less toxic IPM methods. LBAM likely already has natural predators.
3) Dr. James Carey, UC Davis entomologist, says LBAM has been here
decades, not one year as the CDFA claims, and has near zero chance of
eradication. If it has been here decades and caused no crop damage
(which the CDFA acknowledges) then why is this declared an
agricultural emergency? It appears that this is because of a
quarantine---not because of actual potential for massive crop damage.
If so, is quarantined produce a reason to spray pesticides on millions
4) Health impacts on humans, animals, birds, and aquatic life have not
been adequately considered. 700-2300 birds were found dead the day
after spraying in Santa Cruz and Monterey and the CDFA and other State
departments deny any connection. Two previously healthy pets died the
day after spraying. 643 reports of health effects in humans are being
dismissed as hysteria, yet the complaints are consistent with what
would be expected effects from numerous chemicals included in the
spray. In addition, the State and Federal agencies pushing the
spraying program know nothing about potential long term impacts, and
OSHA acknowledges that children, the elderly and those with
respiratory ailments may be differentially impacted.
5) The chemical is NOT just a pheromone. It includes "inert"
ingredients that are known to be toxic (e.g. carcinogenic, mutagenic,
liver toxic, dermal irritant, reproductive harm, birth defects), and
that are not to be inhaled. The pheromone is encapsulated in plastic
capsules, some of which are small enough to be inhaled into the deep
lung. With the smallest particles at 10 microns (U.C. Davis report on
the product sprayed in Santa Cruz and Monterey last fall, and released
in December 2007), these are considered harmful to human health, like
other particulate matter. In addition, will the capsules time-release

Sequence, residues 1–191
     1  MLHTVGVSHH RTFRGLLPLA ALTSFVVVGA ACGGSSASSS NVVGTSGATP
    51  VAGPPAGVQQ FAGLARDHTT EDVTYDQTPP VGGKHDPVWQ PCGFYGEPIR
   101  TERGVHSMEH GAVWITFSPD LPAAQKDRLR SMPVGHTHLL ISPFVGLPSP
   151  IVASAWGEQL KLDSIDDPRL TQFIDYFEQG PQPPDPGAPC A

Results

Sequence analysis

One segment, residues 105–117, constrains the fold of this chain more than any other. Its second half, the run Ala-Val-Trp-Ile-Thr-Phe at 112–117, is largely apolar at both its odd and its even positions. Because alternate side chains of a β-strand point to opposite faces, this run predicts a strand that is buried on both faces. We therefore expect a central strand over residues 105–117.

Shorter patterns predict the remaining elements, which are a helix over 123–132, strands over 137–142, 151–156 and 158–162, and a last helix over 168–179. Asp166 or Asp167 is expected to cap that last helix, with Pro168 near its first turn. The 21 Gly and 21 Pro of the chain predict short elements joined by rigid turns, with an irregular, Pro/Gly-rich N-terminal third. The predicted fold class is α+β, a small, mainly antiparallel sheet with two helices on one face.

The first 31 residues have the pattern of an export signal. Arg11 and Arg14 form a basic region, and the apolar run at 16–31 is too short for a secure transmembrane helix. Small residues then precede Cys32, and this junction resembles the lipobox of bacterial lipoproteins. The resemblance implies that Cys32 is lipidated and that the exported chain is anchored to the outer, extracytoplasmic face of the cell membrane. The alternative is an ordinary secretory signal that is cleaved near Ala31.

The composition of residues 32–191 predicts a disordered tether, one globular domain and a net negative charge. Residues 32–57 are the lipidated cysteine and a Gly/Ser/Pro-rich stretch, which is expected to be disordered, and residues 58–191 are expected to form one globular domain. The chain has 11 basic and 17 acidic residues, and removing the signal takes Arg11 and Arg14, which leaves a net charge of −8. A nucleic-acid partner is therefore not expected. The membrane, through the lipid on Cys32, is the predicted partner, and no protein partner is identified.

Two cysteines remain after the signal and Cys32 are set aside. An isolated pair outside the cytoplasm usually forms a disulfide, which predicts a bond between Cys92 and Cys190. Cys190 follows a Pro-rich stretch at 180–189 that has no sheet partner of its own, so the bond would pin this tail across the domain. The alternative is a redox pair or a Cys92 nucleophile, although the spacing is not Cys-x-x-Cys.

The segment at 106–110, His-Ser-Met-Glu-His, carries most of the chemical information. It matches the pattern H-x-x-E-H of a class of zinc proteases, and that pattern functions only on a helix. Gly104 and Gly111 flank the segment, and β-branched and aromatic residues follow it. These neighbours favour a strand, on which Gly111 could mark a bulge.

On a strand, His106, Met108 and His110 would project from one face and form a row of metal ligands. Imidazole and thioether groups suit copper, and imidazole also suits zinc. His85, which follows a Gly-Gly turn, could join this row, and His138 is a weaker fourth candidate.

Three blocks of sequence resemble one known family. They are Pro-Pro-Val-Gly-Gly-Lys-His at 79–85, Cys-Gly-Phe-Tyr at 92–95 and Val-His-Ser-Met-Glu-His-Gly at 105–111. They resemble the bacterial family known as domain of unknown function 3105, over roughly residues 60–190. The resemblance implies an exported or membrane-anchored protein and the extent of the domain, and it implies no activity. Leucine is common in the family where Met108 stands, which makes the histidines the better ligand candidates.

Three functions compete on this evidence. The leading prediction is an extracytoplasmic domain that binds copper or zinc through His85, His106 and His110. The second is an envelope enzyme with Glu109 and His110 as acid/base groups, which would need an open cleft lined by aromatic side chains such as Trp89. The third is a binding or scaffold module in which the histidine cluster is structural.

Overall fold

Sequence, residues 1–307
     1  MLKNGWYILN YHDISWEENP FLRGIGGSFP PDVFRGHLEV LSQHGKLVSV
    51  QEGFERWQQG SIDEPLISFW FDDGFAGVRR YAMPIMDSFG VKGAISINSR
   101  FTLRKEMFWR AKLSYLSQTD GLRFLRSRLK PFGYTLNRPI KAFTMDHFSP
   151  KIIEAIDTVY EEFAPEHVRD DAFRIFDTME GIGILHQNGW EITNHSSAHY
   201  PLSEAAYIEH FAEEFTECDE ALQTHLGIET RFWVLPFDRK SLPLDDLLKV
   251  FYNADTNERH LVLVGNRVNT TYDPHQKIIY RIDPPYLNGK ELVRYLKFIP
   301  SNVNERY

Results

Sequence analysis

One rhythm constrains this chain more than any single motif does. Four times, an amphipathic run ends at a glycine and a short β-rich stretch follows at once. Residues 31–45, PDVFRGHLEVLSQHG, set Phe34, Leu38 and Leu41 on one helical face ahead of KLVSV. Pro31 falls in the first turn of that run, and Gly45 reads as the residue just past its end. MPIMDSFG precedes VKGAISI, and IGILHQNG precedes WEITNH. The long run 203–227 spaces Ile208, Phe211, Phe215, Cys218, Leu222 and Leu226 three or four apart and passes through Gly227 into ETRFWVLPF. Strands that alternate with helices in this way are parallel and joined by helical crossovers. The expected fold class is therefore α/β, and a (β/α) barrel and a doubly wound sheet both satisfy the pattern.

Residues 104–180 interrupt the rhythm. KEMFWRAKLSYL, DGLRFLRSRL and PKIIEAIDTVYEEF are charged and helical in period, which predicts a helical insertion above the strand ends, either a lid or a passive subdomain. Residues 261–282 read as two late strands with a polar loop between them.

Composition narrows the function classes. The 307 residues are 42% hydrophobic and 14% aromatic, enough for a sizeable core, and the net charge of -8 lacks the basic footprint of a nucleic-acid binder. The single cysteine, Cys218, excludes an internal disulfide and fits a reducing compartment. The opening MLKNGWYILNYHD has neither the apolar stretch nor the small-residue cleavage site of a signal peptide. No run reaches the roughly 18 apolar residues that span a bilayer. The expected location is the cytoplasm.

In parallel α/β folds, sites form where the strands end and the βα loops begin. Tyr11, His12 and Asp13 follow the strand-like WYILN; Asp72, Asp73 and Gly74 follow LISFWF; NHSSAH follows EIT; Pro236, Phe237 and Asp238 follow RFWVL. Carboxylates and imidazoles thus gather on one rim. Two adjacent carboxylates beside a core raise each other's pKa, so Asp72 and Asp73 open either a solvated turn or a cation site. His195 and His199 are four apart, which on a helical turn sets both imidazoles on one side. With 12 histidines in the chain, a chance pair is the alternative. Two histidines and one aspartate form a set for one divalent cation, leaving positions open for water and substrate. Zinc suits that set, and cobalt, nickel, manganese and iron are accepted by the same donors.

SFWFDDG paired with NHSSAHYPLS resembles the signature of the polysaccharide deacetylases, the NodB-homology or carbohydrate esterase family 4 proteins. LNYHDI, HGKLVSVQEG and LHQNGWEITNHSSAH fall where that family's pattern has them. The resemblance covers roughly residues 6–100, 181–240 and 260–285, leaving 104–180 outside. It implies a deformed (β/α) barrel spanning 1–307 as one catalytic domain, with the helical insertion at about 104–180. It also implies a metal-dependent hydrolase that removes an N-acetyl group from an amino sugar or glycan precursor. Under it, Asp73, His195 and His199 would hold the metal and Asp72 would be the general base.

their ingredients in our lungs? We have no information on how inhaling
(and ingesting) the plastic itself will impact human and wildlife
health. The pheromone is a synthetic pheromone with unknown effects
on humans and other animals. The concoction includes a surfactant
which could have caused the bird deaths. The synergistic effects of
all the ingredients combined is completely unknown.
6) The CDFA claims that the pheromone-based pesticide to be used
contains such low doses of chemicals that it will cause no harm. Yet,
the nature of the spray planned entails continuous exposure via time
released capsules, sprayed three nights in a row every month (unless
you find a new version which we will not have time to investigate
before the spraying but will contain essentially the same components)
for 2 -5 years or indefinitely. The capsules release their
ingredients over 30 to 90 days. In addition the particles can remain
suspended in the air for 12 months. This ensures continuous exposure
over the course of years. There is no escape even if you leave town
during the actual spraying.
7) The manufacturer of the chemical, Suterra, indicates on the
packaging and communicated to farmers that Checkmate is not to be
applied near irrigation canals as the pheromone could concentrate in
runoff. What do you think happens when you aerial spray a substance?
It ends up in all water--streams, gutters, the Bay, standing water in
playgrounds, parks, etc.
8) What are the water quality impacts of the whole program (telephone
pole painting and twist tie chemicals, as well as the spraying?
9) What impacts to other species besides the light brown apple moth,
will there be? For example to other moths, butterflies, or bees?
A hard copy of this letter will be sent by mail.